Newest versions of Newt and network TV offer nothing new

I was unable to watch Thursday’s Republican Presidential debate, but did see the opening question in which CNN’s John King removes the elephant in the room right away. Yes, I’m only speaking metaphorically. No, Chris Christie wasn’t there.

King asked former U.S. House Speaker Newt Gingrich about the news of the day that, sadly, was not truly news and hardly anyone’s business. I’m referring, of course, to Gingrich’s second wife (whom he divorced in 2000) Marianne, who told ABC’s Brian Ross that Newt asked her for an “open marriage.” The segment aired this evening on “Nightline.” I didn’t stay up to watch it. I’ll explain why in a bit.

Gingrich’s response to King’s question (was it even a question?) drew outlandish excitement from the debate crowd — a fervor Gingrich seemed to draw inspiration from — in the way of clapping and supportive screams of “Yea!”

From what I can glean at this point post-debate, Gingrich is also drawing positive support in some instant polls done after the debate. According to FiveThirtyEight.com blogger Nate Silver, who I find to be the most reliable source for poll data analysis, Gingrich is now trending in first place in South Carolina polls. Just days ago, the narrative had Romney looking unbeatable and being annointed the Nearly Nominated. (Actually, I didn’t hear anyone using that term. I just made it up, as I’m a sucker for alliteration.)

Sure, Gingrich seized on an excitable debate moment the question created. Certainly, he had the right to be annoyed and upset a presidential debate would open with (let alone include at all) a question about a candidate’s personal life. But in so doing, Gingrich did nothing new in his response, nothing different than he’s done in every debate I’ve seen. His go-to move is smearing “elitist media” (his term) and trying to make the debate moderator the clear, present and constant adversary of he and the right-leaning debate audience. This time the moderator just so happened to be John King, but it could’ve been King Henry the Eighth. Newt doesn’t care who’s in the moderator’s chair (or standing in King’s case). Gingrich is painting right now with his broadest brush strokes. In this oft-repeated Newt view, the media reside on the left, specifically in Obama’s left pocket.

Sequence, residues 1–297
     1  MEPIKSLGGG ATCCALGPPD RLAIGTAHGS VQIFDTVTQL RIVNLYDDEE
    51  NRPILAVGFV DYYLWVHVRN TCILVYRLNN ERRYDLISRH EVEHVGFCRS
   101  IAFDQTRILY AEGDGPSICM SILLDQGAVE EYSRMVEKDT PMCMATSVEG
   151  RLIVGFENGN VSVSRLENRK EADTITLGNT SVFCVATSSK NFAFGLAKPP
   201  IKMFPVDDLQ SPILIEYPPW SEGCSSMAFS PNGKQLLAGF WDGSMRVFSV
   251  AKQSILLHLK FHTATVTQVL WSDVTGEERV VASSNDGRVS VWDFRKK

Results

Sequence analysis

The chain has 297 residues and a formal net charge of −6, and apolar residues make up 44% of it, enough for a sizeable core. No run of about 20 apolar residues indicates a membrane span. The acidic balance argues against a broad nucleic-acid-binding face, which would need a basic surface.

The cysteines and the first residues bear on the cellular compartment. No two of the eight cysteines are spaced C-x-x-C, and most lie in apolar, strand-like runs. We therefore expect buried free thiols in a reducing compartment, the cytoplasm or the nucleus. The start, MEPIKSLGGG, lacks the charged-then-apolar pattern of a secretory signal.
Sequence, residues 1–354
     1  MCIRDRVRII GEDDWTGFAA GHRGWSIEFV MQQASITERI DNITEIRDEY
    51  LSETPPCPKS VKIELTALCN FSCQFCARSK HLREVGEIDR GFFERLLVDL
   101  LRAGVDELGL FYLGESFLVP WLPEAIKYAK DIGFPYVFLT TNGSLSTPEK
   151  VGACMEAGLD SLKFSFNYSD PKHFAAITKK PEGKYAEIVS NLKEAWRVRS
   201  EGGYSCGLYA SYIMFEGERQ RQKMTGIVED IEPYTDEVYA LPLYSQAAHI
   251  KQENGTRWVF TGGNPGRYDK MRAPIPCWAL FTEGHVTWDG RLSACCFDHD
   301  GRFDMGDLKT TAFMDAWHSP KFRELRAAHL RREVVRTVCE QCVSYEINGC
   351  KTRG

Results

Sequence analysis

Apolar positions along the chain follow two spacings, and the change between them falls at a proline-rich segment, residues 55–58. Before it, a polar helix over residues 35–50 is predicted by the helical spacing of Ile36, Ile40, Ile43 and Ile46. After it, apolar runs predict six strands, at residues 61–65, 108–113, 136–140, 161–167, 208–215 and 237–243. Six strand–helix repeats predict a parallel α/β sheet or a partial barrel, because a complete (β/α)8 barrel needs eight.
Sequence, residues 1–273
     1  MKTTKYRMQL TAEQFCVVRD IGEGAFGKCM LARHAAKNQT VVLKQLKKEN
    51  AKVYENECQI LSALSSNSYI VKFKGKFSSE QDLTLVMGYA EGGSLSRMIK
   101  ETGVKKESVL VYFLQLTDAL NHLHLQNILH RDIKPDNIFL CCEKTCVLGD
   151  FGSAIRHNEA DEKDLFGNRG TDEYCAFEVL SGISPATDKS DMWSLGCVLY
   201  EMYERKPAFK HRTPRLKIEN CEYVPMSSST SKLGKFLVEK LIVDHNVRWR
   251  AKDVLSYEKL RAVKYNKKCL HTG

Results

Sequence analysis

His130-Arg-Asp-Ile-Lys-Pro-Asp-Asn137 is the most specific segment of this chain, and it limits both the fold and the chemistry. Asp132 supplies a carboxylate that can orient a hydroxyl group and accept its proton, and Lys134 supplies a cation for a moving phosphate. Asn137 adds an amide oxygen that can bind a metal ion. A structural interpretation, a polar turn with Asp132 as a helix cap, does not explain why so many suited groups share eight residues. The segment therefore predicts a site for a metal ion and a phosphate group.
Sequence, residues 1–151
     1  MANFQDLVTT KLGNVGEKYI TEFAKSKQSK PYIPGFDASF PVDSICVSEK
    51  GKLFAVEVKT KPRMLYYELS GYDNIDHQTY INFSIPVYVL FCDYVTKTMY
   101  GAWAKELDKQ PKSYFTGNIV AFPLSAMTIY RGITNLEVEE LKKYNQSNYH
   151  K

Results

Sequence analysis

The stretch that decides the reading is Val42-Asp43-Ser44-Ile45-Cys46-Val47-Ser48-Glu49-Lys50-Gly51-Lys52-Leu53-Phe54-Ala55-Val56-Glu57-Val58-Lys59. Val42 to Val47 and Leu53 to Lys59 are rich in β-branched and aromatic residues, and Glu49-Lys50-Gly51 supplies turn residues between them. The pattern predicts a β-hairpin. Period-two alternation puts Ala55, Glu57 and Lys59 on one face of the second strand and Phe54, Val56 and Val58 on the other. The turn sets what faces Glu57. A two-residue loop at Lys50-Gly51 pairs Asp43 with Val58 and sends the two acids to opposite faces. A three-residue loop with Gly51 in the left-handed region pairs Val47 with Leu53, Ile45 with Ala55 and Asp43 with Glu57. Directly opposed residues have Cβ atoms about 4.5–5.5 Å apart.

Yet that’s not what’s got me torqued. I’m mad this questioning of Gingrich’s second ex-wife (wow, that’s a weird thing to type … second ex-wife) ever happened, that she was even given this platform. There is never a proper time for such an interview, let alone two days before the South Carolina primary. It all felt so very GOTCHA-esque. Yellow and desparate. Ugly and ratings driven. (When is the next TV sweeps week?)

And, yes, I’m aware this is the point where political correctness rears its multiple heads. Yes, it’s bad practice to defend a serial cheater. No, I’m not defending him. Yes, it’s good media practice to give a voice to the voiceless, in this case Marianne Gingrich, although she hardly fits the mold of voiceless and in need of help. No, she isn’t expected to remain quiet, either, but, jeepers, have some class. You’re not auditioning for Real Housewives. Or the politicians’ version of Basketball Wives. To my knowledge, such a show does not exist, but can’t be far off now, after this insta-classic TMI moment.

I didn’t stay up to see Marianne Gingrich try to maneuver for 15 more minutes of fame, mostly because I can’t seem to stay up that late anymore, but also because I’ve made a habit of avoiding other people’s beds, lying squeezed inbetween a husband and a wife or a husband and his lover for whom he’s trying to attain his wife’s approval, and hearing what would be classified, at best, as pillow talk. Or, at worst, as breaking news.